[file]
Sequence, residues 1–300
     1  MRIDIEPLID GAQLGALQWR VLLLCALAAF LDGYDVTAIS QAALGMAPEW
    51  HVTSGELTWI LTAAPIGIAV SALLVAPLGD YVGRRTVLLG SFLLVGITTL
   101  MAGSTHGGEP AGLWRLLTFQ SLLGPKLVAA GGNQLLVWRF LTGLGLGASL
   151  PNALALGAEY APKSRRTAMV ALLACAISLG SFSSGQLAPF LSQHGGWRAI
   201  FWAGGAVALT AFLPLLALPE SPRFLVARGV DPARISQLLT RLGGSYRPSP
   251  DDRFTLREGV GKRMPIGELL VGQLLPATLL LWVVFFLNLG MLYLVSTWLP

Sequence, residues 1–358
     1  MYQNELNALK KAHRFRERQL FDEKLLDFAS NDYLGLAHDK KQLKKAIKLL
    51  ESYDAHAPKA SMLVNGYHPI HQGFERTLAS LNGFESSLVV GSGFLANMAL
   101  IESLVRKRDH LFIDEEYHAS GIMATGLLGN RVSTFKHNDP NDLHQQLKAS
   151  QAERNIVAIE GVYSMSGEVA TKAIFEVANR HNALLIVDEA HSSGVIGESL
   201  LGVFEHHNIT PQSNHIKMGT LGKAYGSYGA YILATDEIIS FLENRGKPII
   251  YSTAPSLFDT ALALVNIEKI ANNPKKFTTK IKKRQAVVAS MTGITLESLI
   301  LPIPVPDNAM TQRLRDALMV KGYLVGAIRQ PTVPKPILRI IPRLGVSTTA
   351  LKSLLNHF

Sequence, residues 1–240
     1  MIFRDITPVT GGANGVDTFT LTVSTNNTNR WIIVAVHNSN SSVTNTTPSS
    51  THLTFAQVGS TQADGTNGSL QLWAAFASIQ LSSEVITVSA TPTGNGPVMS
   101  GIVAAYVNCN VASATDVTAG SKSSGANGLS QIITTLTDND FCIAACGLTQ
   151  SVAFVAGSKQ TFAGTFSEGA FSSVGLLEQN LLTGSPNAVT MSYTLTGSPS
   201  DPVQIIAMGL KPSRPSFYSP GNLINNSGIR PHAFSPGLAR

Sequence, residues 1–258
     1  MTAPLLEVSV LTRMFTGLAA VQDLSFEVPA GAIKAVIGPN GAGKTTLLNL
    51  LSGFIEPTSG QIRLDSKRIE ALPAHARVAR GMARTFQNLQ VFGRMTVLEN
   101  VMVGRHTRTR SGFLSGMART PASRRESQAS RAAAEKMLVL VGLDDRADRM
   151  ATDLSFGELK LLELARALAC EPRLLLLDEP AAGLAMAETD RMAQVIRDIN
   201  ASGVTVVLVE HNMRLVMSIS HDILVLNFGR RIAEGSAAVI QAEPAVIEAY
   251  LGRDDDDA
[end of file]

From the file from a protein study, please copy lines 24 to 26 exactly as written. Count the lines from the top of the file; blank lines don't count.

     1  MTAPLLEVSV LTRMFTGLAA VQDLSFEVPA GAIKAVIGPN GAGKTTLLNL
    51  LSGFIEPTSG QIRLDSKRIE ALPAHARVAR GMARTFQNLQ VFGRMTVLEN
   101  VMVGRHTRTR SGFLSGMART PASRRESQAS RAAAEKMLVL VGLDDRADRM